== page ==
Queen Elizabeth supports Black Lives Matter movement, says aide

Ken Olisa, London’s first black lieutenant, says race is a “hot topic of conversation” within the royal family, in an interview to be broadcast on Friday, PA Media reports. .

The royal family’s attitude towards the race has come to prominence recently following accusations of racism from Prince Harry and Meghan, Duchess of Sussex, and revelations that immigrants and foreigners Minorities were barred from holding clerical office until at least the late 1960s.

However, Olisa suggests that families should be open to talking about racism.

“I have been in discussions with the royal family about this whole issue of race, especially in the past 12 months since the George Floyd case,” he said.

Buckingham Palace admits it & # 39;  must do more & # 39;  about diversity in annual reports

“It’s a hot topic of conversation. The question is what more can we do to engage society to remove these barriers. They [the royals] passionately interested in making this one nation bound by the same values. “

Olisa was also asked if the royal family supported BLM. “The easy answer is yes,” he said.

The aide involved the Queen asked for his advice on visiting Grenfell Tower after the June 2017 fire that left 72 people dead, and he said she should go.

“I remember thinking like all that happened, it was pretty scary, we don’t know if she was booed or thrown things at her etc etc and when she walked out she walked out. car, all these people applauded,” added Olisa.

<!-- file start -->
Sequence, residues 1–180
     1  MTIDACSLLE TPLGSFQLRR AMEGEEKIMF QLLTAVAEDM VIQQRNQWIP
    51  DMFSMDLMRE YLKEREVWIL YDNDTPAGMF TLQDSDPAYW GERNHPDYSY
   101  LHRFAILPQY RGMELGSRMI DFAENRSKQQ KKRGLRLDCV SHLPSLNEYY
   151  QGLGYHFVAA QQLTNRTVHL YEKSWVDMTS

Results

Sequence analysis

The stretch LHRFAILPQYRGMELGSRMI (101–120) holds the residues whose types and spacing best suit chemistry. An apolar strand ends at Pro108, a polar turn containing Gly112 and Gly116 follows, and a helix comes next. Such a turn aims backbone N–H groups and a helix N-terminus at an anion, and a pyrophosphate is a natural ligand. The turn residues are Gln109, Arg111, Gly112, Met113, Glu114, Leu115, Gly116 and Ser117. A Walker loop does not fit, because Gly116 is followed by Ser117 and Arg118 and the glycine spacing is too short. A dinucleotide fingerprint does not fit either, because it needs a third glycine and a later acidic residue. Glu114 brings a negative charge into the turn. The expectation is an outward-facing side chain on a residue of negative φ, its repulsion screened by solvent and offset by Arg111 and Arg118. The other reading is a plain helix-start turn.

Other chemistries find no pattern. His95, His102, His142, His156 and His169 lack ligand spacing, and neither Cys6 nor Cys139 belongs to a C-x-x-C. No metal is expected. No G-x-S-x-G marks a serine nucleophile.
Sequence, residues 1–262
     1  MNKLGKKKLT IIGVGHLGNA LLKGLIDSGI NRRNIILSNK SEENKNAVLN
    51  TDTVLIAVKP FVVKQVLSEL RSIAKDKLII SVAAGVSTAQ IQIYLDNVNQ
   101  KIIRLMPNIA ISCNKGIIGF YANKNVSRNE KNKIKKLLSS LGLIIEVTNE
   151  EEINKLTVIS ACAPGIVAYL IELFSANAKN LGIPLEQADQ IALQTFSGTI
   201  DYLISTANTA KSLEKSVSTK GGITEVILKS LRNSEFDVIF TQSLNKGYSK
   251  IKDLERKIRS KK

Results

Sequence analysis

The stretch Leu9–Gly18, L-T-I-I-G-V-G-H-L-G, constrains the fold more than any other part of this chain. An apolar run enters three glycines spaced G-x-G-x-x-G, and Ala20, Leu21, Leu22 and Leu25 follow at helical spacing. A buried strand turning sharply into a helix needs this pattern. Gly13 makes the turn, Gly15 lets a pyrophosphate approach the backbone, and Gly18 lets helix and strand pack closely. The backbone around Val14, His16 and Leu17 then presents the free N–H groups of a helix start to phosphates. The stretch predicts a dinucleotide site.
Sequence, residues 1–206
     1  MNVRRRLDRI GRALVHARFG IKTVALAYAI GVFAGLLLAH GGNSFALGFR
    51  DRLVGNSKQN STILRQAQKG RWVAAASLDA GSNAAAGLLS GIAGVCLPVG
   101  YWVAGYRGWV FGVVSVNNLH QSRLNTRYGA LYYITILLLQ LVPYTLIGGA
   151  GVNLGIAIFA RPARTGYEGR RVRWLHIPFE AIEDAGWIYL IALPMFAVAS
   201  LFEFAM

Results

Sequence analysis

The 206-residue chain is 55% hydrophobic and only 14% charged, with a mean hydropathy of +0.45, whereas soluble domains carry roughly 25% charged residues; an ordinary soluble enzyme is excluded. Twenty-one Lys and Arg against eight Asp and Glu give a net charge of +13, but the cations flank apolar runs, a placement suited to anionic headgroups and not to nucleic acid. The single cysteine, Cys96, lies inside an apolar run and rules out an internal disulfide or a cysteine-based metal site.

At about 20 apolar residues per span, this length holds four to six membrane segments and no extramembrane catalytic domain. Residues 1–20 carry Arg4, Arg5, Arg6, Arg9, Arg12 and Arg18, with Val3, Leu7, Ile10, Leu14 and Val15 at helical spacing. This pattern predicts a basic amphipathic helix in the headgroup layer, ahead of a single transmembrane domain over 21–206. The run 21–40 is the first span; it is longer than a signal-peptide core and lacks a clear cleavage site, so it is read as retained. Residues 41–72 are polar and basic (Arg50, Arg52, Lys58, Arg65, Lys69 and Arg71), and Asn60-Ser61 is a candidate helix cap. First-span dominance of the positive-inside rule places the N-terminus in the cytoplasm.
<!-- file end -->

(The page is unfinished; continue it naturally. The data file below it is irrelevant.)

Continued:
The interview is part of a show called “Black to Front,” which will air Friday night at 7 p.m. local time (2 p.m. ET) on Channel 4. The show is hosted by a an all-black team of speakers and reporters.

The British royal family has denied being a racist family.  Archives reveal recent racist past

The royals continue to face questions around their attitude to the race after Harry and Meghan claimed in an interview with Oprah Winfrey that a family member made racist remarks about the skin color of their first child. They later clarified through Winfrey that this was neither the Queen nor Prince Philip.

Buckingham Palace responded with a statement on behalf of the Queen.

“The issues raised, especially the issue of race, are of concern,” reads the statement. “While some recollections may vary, they are taken very seriously and will be handled privately by the family.”

The Guardian’s investigation into recruitment practices also revealed that decades ago the palace used a parliamentary procedure known as “Queen’s consent” to gain immunity from the Kingdom’s laws. Britain aims to prevent discrimination in the workplace – including hiring people based on their ethnicity. The Queen remains exempt from those laws to this day, the Guardian reported.

And in June, Buckingham Palace admitted the royal household was not diverse enough.

The Sovereign Grant report reveals for the first time that the proportion of ethnic minority employees in the royal household is 8.5% – with a target of 10% by the end of 2022. According to the 2011 census, 14 % of the population of England and Wales is from an ethnic minority, while in Scotland the figure is 4%.

When the financial statements were released, a senior palace source emphasized diversity and inclusion, the training and programs in place but also admitted “we are not where we want to be”. .”


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